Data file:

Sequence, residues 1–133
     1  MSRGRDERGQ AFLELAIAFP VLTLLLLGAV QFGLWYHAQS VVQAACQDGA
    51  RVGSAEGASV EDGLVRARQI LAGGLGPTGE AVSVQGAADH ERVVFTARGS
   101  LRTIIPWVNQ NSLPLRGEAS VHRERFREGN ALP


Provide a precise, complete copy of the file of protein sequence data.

Sequence, residues 1–133
     1  MSRGRDERGQ AFLELAIAFP VLTLLLLGAV QFGLWYHAQS VVQAACQDGA
    51  RVGSAEGASV EDGLVRARQI LAGGLGPTGE AVSVQGAADH ERVVFTARGS
   101  LRTIIPWVNQ NSLPLRGEAS VHRERFREGN ALP